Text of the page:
Cry It Out (CIO) involves allowing your baby to cry when you put her to bed or when she wakes in the night. Supporters say it works quickly to teach babies how to self-soothe and fall asleep without needing you to intervene.

CIO might be a good fit if your baby is generally easy-going, or if sleep deprivation is negatively affecting your functioning.

Two popular proponents of CIO are Dr. Richard Ferber, author of “Solve Your Child’s Sleep”, and Dr. Marc Weissbluth, author of “Healthy Sleep Habits, Happy Child.” Ferber developed a method that guides you to respond briefly to your baby’s cries (without picking her up) at increasingly longer intervals until she falls asleep. Weissbluth advocates for a stricter CIO method involving less parental intervention.

No-Cry

No-Cry methods encourage parents to use gentle approaches to help baby sleep, and say it’s okay to respond to babies by picking up, holding, rocking or feeding them when they wake in the night. Supporters say it promotes bonding, baby’s emotional development, and a positive association with sleep.

This might be a good fit if you don’t mind waking up in the night with your baby, or you want to try the most gentle approach first.

Elizabeth Pantley, a parent educator and author of “The No-Cry Sleep Solution”, is a well-known proponent of no-cry methods. Pantley offers tips for gradually teaching your baby to self-soothe without allowing her to cry, like rocking her until she's very drowsy but not fully asleep before putting her in her crib.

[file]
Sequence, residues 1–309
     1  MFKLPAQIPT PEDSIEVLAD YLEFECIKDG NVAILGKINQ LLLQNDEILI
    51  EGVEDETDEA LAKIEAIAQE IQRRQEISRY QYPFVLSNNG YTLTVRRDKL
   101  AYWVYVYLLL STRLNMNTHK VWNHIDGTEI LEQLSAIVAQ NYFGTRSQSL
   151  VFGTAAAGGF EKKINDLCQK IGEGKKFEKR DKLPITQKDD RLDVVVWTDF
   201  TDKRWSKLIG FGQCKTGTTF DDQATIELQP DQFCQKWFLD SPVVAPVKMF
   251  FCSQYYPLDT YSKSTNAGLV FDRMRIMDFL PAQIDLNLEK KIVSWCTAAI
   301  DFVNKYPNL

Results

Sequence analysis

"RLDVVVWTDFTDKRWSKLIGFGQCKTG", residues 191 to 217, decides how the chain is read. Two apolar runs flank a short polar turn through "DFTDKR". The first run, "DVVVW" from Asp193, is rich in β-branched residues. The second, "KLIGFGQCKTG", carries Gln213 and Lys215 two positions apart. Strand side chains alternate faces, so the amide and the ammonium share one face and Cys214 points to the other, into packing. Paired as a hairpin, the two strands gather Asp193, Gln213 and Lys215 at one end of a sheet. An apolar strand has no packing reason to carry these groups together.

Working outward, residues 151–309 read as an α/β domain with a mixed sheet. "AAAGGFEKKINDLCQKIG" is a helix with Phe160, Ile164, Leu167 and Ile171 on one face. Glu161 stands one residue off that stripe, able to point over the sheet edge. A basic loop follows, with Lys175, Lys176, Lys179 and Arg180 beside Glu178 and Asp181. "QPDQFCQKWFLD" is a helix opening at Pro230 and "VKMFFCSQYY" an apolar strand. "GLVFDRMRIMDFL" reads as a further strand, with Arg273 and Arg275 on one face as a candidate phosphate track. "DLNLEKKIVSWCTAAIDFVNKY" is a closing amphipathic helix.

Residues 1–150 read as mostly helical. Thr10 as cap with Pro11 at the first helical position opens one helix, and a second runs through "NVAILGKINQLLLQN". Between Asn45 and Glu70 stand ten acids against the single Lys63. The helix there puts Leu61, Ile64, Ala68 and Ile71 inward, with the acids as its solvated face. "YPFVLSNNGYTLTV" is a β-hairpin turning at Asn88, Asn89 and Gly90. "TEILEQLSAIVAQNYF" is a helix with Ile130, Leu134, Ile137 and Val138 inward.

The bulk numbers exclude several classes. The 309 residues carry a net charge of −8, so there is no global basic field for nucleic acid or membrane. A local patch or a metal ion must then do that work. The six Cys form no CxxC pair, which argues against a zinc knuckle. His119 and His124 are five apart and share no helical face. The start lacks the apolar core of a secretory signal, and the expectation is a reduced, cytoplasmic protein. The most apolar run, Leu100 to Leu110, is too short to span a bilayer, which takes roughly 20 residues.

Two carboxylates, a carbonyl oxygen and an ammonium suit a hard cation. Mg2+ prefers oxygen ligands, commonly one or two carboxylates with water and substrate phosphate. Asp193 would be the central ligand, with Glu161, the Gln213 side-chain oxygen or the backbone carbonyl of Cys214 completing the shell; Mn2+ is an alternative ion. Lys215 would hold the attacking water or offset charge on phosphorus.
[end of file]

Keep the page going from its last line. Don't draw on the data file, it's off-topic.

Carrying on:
In-Between Methods

“In-Between” methods are a middle ground between CIO and no-cry approaches. Parents intervene in limited, systematic ways to help baby fall asleep. Supporters of this approach say it teaches independent sleep with very little crying.

This might be a good fit if you prefer a middle-ground approach and are willing to put in some time, effort, and patience to follow the method you choose.

Kim West, a licensed clinical social worker and author of “Good Night, Sleep Tight”, suggests sitting next to your baby’s crib for a few nights, where you can offer a pat or reassuring word if she becomes upset. Every few nights, she says, move further from the crib ­to the other side of the room, then the doorway, then the hall, and so on, until your baby can fall asleep without you in the room. Tracy Hogg, nurse and author of “The Baby Whisperer” books, developed the Pick Up/Put Down method: Pick up your baby from her crib when she cries, then put her down as soon as she is calm, and repeat this until she is asleep.